by March 8, 2013 • 4:00 pm
Every day, I pass a sign, tacked on our office bulletin board, that says, in huge red letters:
“19% of kids worldwide (ages 2-5) can operate a smartphone app. Only 9% can tie their shoelaces.”
Where did this dire statistic come from, and what’s it for, other than to leave us pining for a (better, more innocent?) time when presumably all Kindergarteners were shoe-tying dynamos? Turns out the stat came from a 2010 study of technology’s effect on children. Another tidbit in the report reveals that more children ages 2-5 are able to play a computer game than ride a bike.
While I’ll buy the truth of these numbers, I disagree with what they imply about growing up today. Because the question should not be: what are kids better off doing, reading books or using apps? The real question is what are they doing when they are engaged with technology? And could it, in fact, be just fine for them?
Yes, my 5-year-old daughter, Savanna, can’t tie her shoelaces (she doesn’t even have a pair of lace-ups). And yes, she’s been using smartphone apps since before her third birthday. And no, I don’t believe either of these is bad for her, when viewed in the overall context of her life. And from what I hear from other parents, I’m not alone.
Let’s go back for a moment to that statistic, past the sensationalism, and consider feet today. Velcro fasteners and slip-ons mean kids don’t need laces. And the implied expectation that 2-5-year-olds used to be able to tie their own shoes? Actually, the fine motor skills and multistep-direction-following required to tie shoelaces aren’t present in most kids until they’re in the first grade. And most children don’t possess the developmental skills necessary for bike-riding until they’re 5 or 6.
So what gives? What’s really behind the headline, and why does it strike a nerve? I’ll take a stab at it: I think it has to do with a natural assumption that the new is worse than “the good old days.” You don’t have to look much further than Facebook for evidence: “Click like if you drank water from an outdoor hose, never wore a bike helmet, stayed out past dark, and still grew up just fine.” We parents want our kids to share our experiences, so we can be close to them in that way. Totally understandable. But perhaps what’s “not as good” to us will be one day for them the object of longing. Think about it: what “newfangled” device will our grandkids lament is replacing the “good old” iPhone? Trust me: it’ll happen.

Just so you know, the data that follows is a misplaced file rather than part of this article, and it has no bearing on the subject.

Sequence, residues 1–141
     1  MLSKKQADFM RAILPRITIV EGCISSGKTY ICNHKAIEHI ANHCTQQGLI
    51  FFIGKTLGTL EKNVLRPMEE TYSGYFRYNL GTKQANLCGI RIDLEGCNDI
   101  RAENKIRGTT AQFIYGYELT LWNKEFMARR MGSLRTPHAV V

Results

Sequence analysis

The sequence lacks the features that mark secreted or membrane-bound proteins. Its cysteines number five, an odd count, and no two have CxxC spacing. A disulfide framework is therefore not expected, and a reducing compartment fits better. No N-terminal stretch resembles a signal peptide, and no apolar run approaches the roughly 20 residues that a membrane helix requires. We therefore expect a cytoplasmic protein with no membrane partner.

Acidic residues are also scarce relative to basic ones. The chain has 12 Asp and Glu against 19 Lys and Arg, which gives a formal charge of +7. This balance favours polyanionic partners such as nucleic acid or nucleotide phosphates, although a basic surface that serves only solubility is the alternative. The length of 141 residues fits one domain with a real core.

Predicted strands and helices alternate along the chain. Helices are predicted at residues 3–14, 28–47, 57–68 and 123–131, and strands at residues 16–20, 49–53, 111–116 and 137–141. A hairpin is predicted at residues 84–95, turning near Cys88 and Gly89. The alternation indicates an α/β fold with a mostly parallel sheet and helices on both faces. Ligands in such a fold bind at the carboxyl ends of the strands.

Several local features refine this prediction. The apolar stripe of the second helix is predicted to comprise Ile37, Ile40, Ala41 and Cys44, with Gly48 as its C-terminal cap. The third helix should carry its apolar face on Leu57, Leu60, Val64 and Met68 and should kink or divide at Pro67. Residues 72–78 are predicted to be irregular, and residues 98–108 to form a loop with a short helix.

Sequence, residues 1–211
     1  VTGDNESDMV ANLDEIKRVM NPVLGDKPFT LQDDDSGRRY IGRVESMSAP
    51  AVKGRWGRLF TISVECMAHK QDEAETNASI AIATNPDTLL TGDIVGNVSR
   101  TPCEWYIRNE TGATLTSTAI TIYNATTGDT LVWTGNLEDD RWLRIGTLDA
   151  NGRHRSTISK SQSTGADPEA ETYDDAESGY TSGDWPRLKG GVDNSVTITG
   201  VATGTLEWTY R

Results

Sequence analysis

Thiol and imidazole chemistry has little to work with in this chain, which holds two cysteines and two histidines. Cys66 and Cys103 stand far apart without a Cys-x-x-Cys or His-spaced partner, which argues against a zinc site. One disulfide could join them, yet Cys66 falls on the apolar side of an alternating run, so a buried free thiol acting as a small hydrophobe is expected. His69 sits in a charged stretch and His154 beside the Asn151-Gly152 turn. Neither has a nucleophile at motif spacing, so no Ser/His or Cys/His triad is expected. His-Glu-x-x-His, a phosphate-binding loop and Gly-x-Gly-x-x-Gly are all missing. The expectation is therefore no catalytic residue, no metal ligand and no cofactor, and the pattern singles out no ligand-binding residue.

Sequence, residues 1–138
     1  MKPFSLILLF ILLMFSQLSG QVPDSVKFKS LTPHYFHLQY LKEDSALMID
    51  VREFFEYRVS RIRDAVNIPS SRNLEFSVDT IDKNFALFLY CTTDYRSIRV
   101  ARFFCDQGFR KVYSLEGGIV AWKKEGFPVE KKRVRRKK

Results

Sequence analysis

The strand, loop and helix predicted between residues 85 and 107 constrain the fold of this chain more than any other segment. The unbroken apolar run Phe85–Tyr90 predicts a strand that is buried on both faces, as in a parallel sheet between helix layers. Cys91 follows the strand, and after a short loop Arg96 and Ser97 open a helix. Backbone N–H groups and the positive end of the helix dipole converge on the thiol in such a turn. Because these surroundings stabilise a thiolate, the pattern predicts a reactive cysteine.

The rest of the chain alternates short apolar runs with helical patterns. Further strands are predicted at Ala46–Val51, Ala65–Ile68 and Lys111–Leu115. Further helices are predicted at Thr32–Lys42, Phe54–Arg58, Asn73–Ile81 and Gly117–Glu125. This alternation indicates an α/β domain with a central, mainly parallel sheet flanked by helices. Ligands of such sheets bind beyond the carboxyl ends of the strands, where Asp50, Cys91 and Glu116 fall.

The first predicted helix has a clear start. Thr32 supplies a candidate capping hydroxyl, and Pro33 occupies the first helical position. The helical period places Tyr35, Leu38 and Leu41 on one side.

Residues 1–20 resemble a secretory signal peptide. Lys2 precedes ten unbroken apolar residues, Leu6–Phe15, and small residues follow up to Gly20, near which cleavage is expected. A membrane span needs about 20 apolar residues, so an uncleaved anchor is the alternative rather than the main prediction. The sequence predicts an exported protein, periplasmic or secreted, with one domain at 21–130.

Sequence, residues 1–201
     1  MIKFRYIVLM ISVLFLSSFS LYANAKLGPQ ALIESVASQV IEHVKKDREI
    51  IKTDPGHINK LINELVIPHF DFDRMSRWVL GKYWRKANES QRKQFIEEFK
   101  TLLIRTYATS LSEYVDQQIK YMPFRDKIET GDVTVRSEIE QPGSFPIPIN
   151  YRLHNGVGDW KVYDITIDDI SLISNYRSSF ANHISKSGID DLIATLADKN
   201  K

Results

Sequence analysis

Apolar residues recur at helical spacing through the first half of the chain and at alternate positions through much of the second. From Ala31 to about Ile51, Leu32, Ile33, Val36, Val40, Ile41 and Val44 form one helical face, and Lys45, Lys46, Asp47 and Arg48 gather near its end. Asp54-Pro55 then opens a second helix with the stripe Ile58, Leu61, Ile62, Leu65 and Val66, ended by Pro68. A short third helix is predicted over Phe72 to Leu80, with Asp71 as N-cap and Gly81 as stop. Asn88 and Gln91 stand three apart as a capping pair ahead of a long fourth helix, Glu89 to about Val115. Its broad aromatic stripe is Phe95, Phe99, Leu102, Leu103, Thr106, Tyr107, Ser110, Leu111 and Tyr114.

My daughter was born in 2007, along with the first smartphone. She loves coloring apps, games (like Talking Tom Cat, which cracks us both up) and photos. Who’s to say scrolling through our Yosemite trip snapshots is somehow a lesser experience because she swiped a screen rather than turning stiff, sticky-coated cardboard pages? How important is it that our favorite music (Lady Gaga and Nicki Minaj, these days) blares from my laptop rather than a turntable? Sure, aesthetics matter. But real life, and what’s “good” for kids, is more complex than “Oh my gosh, kids are abandoning shoe-tying for smartphones!” Let’s give ourselves—and our kids—a little more credit.
The “apps instead of shoelaces” lens wants us to believe that by letting go of how things were, we’re shortchanging our kids. But there’s a difference between truly harmful losses and those that are just part of life. Nobody’s too bent out of shape that kids enter school these days not knowing how to use an inkwell and quill, for instance. We ought to give ourselves room to appreciate the outmoded and the new, at the same time. And teach our kids to do the same.
Most important, “technology,” as it refers to anything with an on/off switch and a screen, is only part of the equation. Of course nothing can replace kids’ tactile experiences or our time face to face with them. But what a statistic like the one above leaves out is that just because a child is using an iPad doesn’t mean that’s all she’s doing. And it certainly doesn’t mean she therefore must be sacrificing learning how to climb a tree or throw a ball. Or tie her shoes. Eventually. Savanna and I are working on that.